If you lost money in the stock market due to your broker’s misconduct, your claim will likely be handled by the Financial Industry Regulatory Authority (FINRA). FINRA states that it is the largest securities dispute resolution forum in the world, handling 99% of all securities arbitration claims involving customers of brokerage firms.
If you feel you have a securities claim, please contact us by phone or fill out our securities arbitration form.
Here at the top ten most common claims filed for FINRA arbitration in 2012*:
Breach of Fiduciary Duty
These claims arise when your broker or registered investment advisor violates the trust and confidence you placed in them. The degree of fiduciary duty owed by different investment professionals varies, and potential revisions to fiduciary duty standards have recently been under review by FINRA.
You may have a claim for negligence against your broker if the broker fails to comply with industry standards, or fails to act as reasonably prudent broker under the circumstances.
Your broker’s recommendation must have a reasonable basis in fact. If it doesn’t, you may have a claim against your broker for misrepresentation. Often this claim arises when an investor is peddling a rumor or “hot tip.”
Failure to Supervise
A brokerage firm has a responsibility to supervise its brokers—particularly if the broker has a record of prior misconduct. You may have a securities claim if you suffered losses as the result of your brokerage firm’s failure to supervise its broker. You can research your broker’s professional background at http://www.finra.org/Investors/ToolsCalculators/BrokerCheck/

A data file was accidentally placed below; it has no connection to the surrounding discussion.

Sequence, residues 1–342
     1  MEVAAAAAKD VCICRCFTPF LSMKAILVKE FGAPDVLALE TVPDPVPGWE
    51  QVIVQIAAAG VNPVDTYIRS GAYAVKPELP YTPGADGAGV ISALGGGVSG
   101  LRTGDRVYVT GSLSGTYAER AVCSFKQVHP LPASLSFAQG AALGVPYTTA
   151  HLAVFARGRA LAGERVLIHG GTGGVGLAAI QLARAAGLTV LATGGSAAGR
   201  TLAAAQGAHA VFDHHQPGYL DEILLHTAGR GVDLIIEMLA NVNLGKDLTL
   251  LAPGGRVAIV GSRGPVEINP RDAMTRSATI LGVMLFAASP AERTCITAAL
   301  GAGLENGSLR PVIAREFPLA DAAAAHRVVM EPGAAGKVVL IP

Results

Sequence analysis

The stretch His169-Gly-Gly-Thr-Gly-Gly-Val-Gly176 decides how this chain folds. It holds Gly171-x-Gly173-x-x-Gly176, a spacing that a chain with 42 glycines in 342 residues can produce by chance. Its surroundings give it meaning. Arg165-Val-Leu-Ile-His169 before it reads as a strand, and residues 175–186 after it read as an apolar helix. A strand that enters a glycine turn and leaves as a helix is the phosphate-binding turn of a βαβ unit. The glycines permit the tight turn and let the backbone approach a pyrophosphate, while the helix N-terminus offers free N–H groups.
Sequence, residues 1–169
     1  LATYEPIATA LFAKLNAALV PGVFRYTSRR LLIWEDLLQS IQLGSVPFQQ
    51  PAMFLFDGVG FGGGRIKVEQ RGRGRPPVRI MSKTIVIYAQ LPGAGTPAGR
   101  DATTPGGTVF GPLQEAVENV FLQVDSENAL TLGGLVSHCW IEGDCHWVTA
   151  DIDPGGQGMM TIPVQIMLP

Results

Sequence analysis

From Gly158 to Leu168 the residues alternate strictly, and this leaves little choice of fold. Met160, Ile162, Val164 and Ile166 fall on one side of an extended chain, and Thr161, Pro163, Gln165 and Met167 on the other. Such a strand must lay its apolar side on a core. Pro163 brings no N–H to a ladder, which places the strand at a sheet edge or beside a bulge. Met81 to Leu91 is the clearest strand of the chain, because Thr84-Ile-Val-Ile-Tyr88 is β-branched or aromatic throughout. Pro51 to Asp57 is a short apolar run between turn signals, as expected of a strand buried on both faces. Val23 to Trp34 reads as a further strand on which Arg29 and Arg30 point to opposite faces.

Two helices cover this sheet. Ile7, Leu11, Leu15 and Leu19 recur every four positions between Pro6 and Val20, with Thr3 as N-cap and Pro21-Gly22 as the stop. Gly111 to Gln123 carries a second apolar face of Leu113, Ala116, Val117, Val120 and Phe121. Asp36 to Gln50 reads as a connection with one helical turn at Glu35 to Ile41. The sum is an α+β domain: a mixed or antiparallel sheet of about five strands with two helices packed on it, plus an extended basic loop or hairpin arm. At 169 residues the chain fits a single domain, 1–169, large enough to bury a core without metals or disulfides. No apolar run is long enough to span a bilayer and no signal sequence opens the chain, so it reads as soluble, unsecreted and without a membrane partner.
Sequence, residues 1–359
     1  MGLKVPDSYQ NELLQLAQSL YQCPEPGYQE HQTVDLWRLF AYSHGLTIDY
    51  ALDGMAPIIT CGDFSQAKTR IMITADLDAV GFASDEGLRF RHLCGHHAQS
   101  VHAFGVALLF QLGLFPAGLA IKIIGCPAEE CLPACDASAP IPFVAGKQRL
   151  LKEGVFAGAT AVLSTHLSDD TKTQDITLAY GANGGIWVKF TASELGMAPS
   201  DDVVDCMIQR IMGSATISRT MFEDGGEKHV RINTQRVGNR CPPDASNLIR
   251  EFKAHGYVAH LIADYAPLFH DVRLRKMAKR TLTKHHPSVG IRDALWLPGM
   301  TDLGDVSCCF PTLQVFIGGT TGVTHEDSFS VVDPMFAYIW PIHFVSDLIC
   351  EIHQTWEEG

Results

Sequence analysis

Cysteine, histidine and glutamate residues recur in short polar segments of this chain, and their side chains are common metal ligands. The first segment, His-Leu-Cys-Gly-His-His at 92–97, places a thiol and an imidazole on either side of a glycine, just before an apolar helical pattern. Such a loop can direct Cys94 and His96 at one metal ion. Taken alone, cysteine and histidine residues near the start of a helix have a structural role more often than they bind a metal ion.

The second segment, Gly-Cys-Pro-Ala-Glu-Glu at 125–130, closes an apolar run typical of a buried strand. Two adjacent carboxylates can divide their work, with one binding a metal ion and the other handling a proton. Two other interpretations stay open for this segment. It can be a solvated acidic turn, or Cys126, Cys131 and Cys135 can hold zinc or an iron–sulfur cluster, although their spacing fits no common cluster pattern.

Breach of Contract
You and your broker typically enter into a Customer Agreement that requires the broker to comply with the rules of exchanges on which the broker trades. This means you may have a breach of contract claim against your broker if you suffer losses as a result of your broker violating exchange rules.
Omission of Facts
A claim for omission of facts arises when a broker fails to disclose a material (important) information involving a security.
You may have a unsuitability claim if you broker executes a trade on your behalf without having reasonable grounds for believing that the recommendation is suitable for you based on your other holdings, financial situation, and financial needs. In some instances, before making a trade on your behalf, brokers are required to obtain information from you regarding your financial status, tax status, investment objectives, and other information that would reasonably be required when the broker recommends the trade.
Unauthorized trading occurs when a broker makes a trade without your permission or sends a confirmation in order to cause you to accept a transaction to which you had not actually agreed.
Churning is excessive activity in your account, often perpetuated by a broker to generate commissions.
A margin call occurs when the broker requires you to deposit additional funds to cover a position you have created on margin (by borrowing). If you fail to comply with the margin call, you broker will likely liquidate your holdings to satisfy the margin requirements. Claims arise when the account was placed on margin without your authorization, or if the risks of margin were not properly explained to you.
*Through April of 2012
Source of claims statistics: www.finra.org